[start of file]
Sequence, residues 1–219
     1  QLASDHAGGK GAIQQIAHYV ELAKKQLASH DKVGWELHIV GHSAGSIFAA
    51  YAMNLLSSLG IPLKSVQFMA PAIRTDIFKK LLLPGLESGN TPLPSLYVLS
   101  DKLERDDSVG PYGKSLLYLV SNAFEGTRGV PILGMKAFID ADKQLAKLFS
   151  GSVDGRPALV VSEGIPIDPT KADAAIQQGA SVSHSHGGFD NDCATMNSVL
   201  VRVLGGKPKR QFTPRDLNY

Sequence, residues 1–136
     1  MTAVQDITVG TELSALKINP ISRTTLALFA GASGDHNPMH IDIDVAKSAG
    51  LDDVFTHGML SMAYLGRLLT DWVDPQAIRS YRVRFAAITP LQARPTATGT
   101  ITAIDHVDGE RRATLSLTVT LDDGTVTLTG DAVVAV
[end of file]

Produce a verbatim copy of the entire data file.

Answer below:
Sequence, residues 1–219
     1  QLASDHAGGK GAIQQIAHYV ELAKKQLASH DKVGWELHIV GHSAGSIFAA
    51  YAMNLLSSLG IPLKSVQFMA PAIRTDIFKK LLLPGLESGN TPLPSLYVLS
   101  DKLERDDSVG PYGKSLLYLV SNAFEGTRGV PILGMKAFID ADKQLAKLFS
   151  GSVDGRPALV VSEGIPIDPT KADAAIQQGA SVSHSHGGFD NDCATMNSVL
   201  VRVLGGKPKR QFTPRDLNY

Sequence, residues 1–136
     1  MTAVQDITVG TELSALKINP ISRTTLALFA GASGDHNPMH IDIDVAKSAG
    51  LDDVFTHGML SMAYLGRLLT DWVDPQAIRS YRVRFAAITP LQARPTATGT
   101  ITAIDHVDGE RRATLSLTVT LDDGTVTLTG DAVVAV